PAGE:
Two decisions of this Court are cited by defendant to support its contention that the punitive-damage evidence was insufficient. We consider neither to be controlling. In DeLuryea v. Winthrop Laboratories, 697 F.2d 222 (8th Cir.1983), we sustained the District Court's decision not to submit the issue of punitive damages in a product-liability case involving a prescription drug. While the defendant's warnings in DeLuryea were inadequate, they did refer to the reactions suffered by the plaintiff. The Court also distinguished the DeLuryea punitive-damages proof from that in a similar case, Hoffman v. Sterling Drugs, Inc., 485 F.2d 132 (3d Cir.1973), on the ground that DeLuryea "relied almost exclusively on expert evidence and did not present the devastating documentary evidence presented in Hoffman." 697 F.2d at 231. We conclude that Mrs. Mulligan's documentary proof, if not devastating, was sufficiently damning to support a punitive-damage award. Lederle also cites Ferren v. Richards Mfg. Co., 733 F.2d 526 (8th Cir.1984), in which we reversed a punitive-damage award in favor of a plaintiff whose artificial hip prosthesis cracked, necessitating replacement. The heart of plaintiff's proof was the fact that defendant had discovered a surface crack in one piece of an eight- to ten-piece sample of the material used to make prostheses and two articles published after plaintiff's prosthesis was sold dealing with potential problems. There is a difference between the knowledge imputed to defendant in this case and that in Ferren, where "the one small crack that was discovered during quality control testing was ... superficial and easily eliminated." Id. at 530. The jury here had before it evidence of persistent and troublesome difficulties with the product, from the company's testing of Varidase, physician complaints, and scientific journals.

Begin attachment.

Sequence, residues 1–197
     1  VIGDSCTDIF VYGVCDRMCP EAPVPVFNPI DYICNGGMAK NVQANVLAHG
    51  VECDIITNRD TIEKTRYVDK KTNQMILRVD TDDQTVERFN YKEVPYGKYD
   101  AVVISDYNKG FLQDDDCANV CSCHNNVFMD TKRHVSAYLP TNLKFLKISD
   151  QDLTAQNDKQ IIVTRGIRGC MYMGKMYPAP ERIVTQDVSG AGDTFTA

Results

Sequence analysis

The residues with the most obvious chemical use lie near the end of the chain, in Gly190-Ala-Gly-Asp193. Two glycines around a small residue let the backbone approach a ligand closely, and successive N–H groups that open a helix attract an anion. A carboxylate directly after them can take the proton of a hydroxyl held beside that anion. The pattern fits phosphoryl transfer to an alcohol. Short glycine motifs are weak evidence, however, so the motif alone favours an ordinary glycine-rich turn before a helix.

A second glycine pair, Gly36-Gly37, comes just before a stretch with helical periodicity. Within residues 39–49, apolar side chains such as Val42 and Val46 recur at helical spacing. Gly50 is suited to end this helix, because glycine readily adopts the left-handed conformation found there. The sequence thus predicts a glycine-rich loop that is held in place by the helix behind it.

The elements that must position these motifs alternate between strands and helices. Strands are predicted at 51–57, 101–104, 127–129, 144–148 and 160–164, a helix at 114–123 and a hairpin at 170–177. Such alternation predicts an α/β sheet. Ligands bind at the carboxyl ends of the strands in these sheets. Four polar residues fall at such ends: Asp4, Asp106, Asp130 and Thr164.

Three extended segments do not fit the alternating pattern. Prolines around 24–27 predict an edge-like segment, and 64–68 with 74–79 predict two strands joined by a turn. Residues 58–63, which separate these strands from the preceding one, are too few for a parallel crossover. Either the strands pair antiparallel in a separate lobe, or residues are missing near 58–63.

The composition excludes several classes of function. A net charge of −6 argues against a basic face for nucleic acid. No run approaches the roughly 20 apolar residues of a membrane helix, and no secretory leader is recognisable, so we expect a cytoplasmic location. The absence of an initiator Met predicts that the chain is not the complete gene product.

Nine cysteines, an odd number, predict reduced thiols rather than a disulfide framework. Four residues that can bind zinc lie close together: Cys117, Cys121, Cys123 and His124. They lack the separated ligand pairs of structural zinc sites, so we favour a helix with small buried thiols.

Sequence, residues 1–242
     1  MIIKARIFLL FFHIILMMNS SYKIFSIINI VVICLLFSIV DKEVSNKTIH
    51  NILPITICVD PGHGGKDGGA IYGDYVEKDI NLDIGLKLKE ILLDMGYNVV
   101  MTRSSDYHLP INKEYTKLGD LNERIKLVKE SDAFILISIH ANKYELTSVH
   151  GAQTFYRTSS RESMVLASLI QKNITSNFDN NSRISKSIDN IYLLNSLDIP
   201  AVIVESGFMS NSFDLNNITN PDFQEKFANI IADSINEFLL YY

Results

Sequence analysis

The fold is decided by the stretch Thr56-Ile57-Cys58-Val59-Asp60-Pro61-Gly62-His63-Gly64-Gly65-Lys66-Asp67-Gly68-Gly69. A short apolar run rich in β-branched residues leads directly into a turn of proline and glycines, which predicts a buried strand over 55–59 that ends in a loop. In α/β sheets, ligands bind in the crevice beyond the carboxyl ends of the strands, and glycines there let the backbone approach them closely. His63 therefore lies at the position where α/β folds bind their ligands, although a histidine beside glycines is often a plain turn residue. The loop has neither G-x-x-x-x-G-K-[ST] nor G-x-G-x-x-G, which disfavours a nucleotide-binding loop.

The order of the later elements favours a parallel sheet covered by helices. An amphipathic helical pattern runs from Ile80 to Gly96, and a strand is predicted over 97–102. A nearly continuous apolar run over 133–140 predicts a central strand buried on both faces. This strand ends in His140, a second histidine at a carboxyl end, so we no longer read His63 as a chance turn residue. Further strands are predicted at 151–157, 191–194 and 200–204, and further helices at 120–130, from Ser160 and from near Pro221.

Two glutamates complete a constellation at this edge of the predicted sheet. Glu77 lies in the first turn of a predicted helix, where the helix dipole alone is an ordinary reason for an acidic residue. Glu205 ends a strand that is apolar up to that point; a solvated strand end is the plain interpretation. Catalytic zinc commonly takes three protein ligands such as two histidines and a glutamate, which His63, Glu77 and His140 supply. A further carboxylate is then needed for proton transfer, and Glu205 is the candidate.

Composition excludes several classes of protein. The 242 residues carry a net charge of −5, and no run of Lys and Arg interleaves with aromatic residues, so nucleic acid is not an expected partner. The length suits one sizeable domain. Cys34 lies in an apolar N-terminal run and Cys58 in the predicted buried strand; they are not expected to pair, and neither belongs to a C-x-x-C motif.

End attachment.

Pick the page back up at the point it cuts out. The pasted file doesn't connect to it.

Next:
Accordingly, the judgment of the District Court is